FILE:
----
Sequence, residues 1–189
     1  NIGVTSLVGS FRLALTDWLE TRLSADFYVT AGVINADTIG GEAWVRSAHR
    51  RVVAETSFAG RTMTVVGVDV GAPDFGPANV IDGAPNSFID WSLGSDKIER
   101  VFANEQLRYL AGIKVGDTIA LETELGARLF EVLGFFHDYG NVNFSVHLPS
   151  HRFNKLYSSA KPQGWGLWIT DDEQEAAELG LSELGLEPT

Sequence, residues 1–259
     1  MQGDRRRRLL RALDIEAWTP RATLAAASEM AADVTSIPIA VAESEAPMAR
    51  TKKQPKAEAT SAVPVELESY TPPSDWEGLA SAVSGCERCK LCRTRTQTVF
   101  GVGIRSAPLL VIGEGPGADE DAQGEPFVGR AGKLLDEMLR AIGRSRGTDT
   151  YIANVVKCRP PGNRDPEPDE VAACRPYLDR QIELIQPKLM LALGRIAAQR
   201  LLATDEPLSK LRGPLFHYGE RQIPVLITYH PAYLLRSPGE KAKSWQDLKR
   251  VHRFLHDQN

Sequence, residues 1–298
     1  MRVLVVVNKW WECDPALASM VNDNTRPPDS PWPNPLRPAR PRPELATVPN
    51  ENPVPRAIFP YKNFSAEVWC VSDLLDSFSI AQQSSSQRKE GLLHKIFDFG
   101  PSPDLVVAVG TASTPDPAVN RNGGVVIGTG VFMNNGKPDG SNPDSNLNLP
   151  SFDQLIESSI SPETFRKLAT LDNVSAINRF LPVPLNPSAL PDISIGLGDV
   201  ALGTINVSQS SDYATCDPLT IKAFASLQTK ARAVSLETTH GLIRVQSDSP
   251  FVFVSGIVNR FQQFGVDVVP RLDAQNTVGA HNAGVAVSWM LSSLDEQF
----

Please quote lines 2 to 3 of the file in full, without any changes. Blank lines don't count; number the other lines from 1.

     1  NIGVTSLVGS FRLALTDWLE TRLSADFYVT AGVINADTIG GEAWVRSAHR
    51  RVVAETSFAG RTMTVVGVDV GAPDFGPANV IDGAPNSFID WSLGSDKIER